85. Ma, K.; Guo, L.; Xu, A.; Cui, S.; Wang, J.H. Molecular mechanism for stress-induced depression assessed by sequencing miRNA and mRNA in medial prefrontal cortex. PLoS ONE 2016, 11, e0159093.
  86. Munoz-San Martin, M.; Reverter, G.; Robles-Cedeno, R.; Buxo, M.; Ortega, F.J.; Gomez, I.; Tomas-Roig, J.; Celarain, N.; Villar, L.M.; Perkal, H.; et al. Analysis of miRNA signatures in CSF identifies upregulation of miR-21 and miR-146a/b in patients with multiple sclerosis and active lesions. J. Neuroinflamm. 2019, 16, 220.
  87. Ebrahimkhani, S.; Vafaee, F.; Young, P.E.; Hur, S.S.J.; Hawke, S.; Devenney, E.; Beadnall, H.; Barnett, M.H.; Suter, C.M.; Buckland, M.E. Exosomal microRNA signatures in multiple sclerosis reflect disease status. Sci. Rep. 2017, 7, 14293.
  88. Khandelwal, N.; Dey, S.K.; Chakravarty, S.; Kumar, A. miR-30 family miRNAs Mediate the effect of chronic social defeat stress on hippocampal neurogenesis in mouse depression model. Front. Mol. Neurosci. 2019, 12, 188.
  89. Xu, J.; Wang, R.; Liu, Y.; Liu, D.; Jiang, H.; Pan, F. FKBP5 and specific microRNAs via glucocorticoid receptor in the basolateral amygdala involved in the susceptibility to depressive disorder in early adolescent stressed rats. J. Psychiatr. Res. 2017, 95, 102–113.
  90. Roy, B.; Dunbar, M.; Shelton, R.C.; Dwivedi, Y. Identification of microRNA-124-3p as a putative epigenetic signature of major depressive disorder. Neuropsychopharmacology 2017, 42, 864–875.
  91. He, S.; Liu, X.; Jiang, K.; Peng, D.; Hong, W.; Fang, Y.; Qian, Y.; Yu, S.; Li, H. Alterations of microRNA-124 expression in peripheral blood mononuclear cells in pre-and post-treatment patients with major depressive disorder. J. Psychiatr. Res. 2016, 78, 65–71.
  92. Wan, Y.; Liu, Y.; Wang, X.; Wu, J.; Liu, K.; Zhou, J.; Liu, L.; Zhang, C. Identification of Differential MicroRNAs in Cerebrospinal Fluid and Serum of Patients with Major Depressive Disorder. PLoS ONE 2015, 10, e0121975.
  93. Dwivedi, Y. MicroRNAs in depression and suicide: Recent insights and future perspectives. J. Affect. Disord. 2018, 240, 146–154.
  94. Wang, L.; Qiu, R.; Zhang, Z.; Han, Z.; Yao, C.; Hou, G.; Dai, D.; Jin, W.; Tang, Y.; Yu, X.; et al. The MicroRNA miR-22 Represses Th17 cell pathogenicity by targeting PTEN-regulated pathways. Immunohorizons 2020, 4, 308–318.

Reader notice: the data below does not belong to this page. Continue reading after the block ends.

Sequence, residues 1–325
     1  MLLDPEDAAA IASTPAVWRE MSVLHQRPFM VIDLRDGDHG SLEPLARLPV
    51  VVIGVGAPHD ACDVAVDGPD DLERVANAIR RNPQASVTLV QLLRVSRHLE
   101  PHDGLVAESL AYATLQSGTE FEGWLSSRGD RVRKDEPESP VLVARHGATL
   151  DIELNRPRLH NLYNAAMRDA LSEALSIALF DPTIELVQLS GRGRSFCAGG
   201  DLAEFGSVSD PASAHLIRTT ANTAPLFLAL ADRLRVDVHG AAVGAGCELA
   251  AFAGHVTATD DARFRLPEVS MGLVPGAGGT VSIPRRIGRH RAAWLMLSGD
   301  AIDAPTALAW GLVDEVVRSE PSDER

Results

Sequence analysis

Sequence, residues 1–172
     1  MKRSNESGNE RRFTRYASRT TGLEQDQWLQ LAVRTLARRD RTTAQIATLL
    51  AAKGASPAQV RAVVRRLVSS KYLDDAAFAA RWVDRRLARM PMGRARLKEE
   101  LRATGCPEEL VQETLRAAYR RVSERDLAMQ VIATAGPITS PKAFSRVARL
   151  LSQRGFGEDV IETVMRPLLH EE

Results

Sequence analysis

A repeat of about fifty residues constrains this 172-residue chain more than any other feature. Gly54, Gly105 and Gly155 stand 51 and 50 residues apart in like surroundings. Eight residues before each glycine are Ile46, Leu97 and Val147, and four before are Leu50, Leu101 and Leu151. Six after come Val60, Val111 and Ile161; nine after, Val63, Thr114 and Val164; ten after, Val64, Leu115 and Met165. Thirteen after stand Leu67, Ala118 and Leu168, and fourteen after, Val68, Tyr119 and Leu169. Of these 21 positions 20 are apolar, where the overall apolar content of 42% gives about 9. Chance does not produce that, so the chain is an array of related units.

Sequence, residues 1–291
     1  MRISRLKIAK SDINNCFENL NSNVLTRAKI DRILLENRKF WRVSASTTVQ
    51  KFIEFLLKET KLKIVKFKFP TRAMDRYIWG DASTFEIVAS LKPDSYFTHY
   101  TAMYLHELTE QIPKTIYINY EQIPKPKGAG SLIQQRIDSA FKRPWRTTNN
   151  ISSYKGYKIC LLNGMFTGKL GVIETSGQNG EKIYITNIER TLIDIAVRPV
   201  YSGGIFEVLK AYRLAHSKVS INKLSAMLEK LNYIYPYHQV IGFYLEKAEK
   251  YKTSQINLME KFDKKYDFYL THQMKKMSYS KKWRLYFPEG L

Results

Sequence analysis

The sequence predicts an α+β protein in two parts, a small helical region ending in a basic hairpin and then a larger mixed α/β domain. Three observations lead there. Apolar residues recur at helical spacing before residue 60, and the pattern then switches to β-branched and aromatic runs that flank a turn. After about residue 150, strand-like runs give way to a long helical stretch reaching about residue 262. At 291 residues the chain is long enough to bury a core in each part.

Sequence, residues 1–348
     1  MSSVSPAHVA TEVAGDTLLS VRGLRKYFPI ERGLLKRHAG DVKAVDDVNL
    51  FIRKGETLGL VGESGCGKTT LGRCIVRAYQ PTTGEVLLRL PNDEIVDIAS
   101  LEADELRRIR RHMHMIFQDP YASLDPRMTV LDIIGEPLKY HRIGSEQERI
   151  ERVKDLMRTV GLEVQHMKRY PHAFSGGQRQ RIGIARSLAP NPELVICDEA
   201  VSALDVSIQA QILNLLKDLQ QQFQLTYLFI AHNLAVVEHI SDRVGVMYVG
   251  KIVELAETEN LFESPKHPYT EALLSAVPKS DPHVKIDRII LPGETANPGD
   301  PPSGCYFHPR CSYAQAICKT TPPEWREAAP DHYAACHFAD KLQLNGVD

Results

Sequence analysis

95. Mandolesi, G.; Rizzo, F.R.; Balletta, S.; Bassi, M.S.; Gilio, L.; Guadalupi, L.; Nencini, M.; Moscatelli, A.; Ryan, C.P.; Licursi, V.; et al. The microRNA let-7b-5p is negatively associated with inflammation and disease severity in multiple sclerosis. Cells 2021, 10, 330.
  96. Piket, E.; Zheleznyakova, G.Y.; Kular, L.; Jagodic, M. Small non-coding RNAs as important players, biomarkers and therapeutic targets in multiple sclerosis: A comprehensive overview. J. Autoimmun. 2019, 101, 17–25.
  97. Yoshino, Y.; Roy, B.; Dwivedi, Y. Differential and unique patterns of synaptic miRNA expression in dorsolateral prefrontal cortex of depressed subjects. Neuropsychopharmacology 2021, 46, 900–910.
  98. Zhang, Y.; Zhu, X.; Bai, M.; Zhang, L.; Xue, L.; Yi, J. Maternal deprivation enhances behavioral vulnerability to stress associated with miR-504 expression in nucleus accumbens of rats. PLoS ONE 2013, 8, e69934.
  99. Tzartos, J.S.; Friese, M.A.; Craner, M.J.; Palace, J.; Newcombe, J.; Esiri, M.M.; Fugger, L. Interleukin-17 production in central nervous system-infiltrating T cells and glial cells is associated with active disease in multiple sclerosis. Am. J. Pathol. 2008, 172, 146–155.
  100. Kozicz, T.; Tilburg-Ouwens, D.; Faludi, G.; Palkovits, M.; Roubos, E. Gender-related urocortin 1 and brain-derived neurotrophic factor expression in the adult human midbrain of suicide victims with major depression. Neuroscience 2008, 152, 1015–1023.
This entry is offline, you can click here to edit this entry!
Video Production Service